Productions & Filmmaker Mentor/Instructor
Aleta Hammerich is a third year student studying digital cinema and political science at UH Mānoa. She has experience with cinematography and editing working on The Lili'u Project documentary (in production), Reel Wāhine of Hawaiʻi, Mānoa Film & Media projects, Better Tomorrow Speaker Series interviews, among many more. Aleta is passionate about using filmmaking as a platform for advocacy and is inspired by the participants' work each year.
Alexa St. Martin
Alexa St. Martin, MSW is a social worker, therapist, educator, researcher, musician, dancer, and writer. She is a fierce advocate for social justice education, with a particular passion for adolescent sexual health, school-based sexual health education, reproductive rights, and consent.
Inez Anderson has been making films with Hawaii Women in Filmmaking since 2017, participating in multiple filmmaking programs as well as working on the HWF team as a filmmaking mentor. Committed to HWF's message of gender justice in filmmaking, their work has covered a variety of social justice issues, including body positivity, gun control, and the experiences of LGBTQ+ youth.
Jessi is currently studying at the University of Hawaii - West Oahu, majoring in creative media. They’ve participated and worked in HWF’s programs for about a year and are committed to HWF’s mission. They are passionate about LGBTQ+ and disability issues and seek to advocate for those communities.
M. Kaleipumehana Cabral
M. Kaleipumehana Cabral (Pumehana) identifies as a queer Kanaka and child of the diaspora. They were born in Honolulu and raised between Hawaiʻi and the continental United States. As an MSW (Master of Social Work) and proud Kanaka ʻŌiwi, their life centers around social justice & community building – specifically with other māhū folks and BIPOC (Black, Indigenous, People of Color). Pumehana believe that collaborative, creative work is pivotal to long-term social change in Hawaiʻi and beyond.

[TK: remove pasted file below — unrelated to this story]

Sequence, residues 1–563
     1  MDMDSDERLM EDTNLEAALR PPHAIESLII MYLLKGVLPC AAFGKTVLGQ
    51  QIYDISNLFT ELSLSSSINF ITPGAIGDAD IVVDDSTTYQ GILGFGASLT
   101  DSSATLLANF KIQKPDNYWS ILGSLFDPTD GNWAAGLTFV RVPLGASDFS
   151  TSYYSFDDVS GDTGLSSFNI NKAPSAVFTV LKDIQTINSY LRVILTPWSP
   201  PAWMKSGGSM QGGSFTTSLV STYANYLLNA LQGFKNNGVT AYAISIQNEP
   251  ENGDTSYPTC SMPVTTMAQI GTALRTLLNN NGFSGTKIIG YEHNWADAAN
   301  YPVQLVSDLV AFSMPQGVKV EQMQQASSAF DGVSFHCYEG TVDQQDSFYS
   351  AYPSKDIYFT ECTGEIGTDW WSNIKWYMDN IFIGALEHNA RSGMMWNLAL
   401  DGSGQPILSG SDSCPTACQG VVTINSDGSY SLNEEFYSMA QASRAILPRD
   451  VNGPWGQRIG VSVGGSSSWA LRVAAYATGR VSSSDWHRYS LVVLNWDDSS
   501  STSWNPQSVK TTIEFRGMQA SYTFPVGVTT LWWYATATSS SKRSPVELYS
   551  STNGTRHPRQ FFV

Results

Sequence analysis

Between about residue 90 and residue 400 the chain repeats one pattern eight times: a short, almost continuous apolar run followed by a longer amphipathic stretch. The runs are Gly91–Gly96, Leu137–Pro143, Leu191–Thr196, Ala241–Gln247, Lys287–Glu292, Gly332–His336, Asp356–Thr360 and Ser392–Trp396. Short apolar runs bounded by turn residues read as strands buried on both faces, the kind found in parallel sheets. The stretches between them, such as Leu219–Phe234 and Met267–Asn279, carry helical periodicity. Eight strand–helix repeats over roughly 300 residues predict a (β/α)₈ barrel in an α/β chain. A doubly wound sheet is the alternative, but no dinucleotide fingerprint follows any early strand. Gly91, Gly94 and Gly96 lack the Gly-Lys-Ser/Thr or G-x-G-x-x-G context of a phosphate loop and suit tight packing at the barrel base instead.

Katie Young-Caldwell is a social worker, writer, teacher, and activist. She has worked with women and girls for over two decades and specializes in gender violence. She teaches women's studies and social work at UH Mānoa and Hawai'i Community College. Katie is an intersectional feminist and works as a social worker for Hawai'i Women in Filmmaking. She loves cats, pizza, and running.
Malia Adams, born in Kailua and raised in
Chile, is an indigenous filmmaker. Malia earned a Bachelor’s degree at UH Manoa in Creative
Media. She spent this last year living in Spain, where she pursued a Master’s degree in Media and Literary translation at the Pompeu Fabra University. Her short film, I Will Be Your Breath, was nominated Best Hawaii Made (2021) at the Hawaiʻi International Film Fest and won Best Experimental at Cannes Short Film festival
Founder and Executive Director
For over 10 years, Vera has been advocating for gender justice in filmmaking through an intersectional lens. Vera founded Hawaiʻi Women in Filmmaking in 2011 to provide a space for wāhine filmmakers to connect, collaborate, and support each other. In 2017, Vera launched the production of Reel Wāhine of Hawai‘i, a short doc film series that redresses gender inequity in the film industry by documenting the real-life stories of Hawai‘i women filmmakers.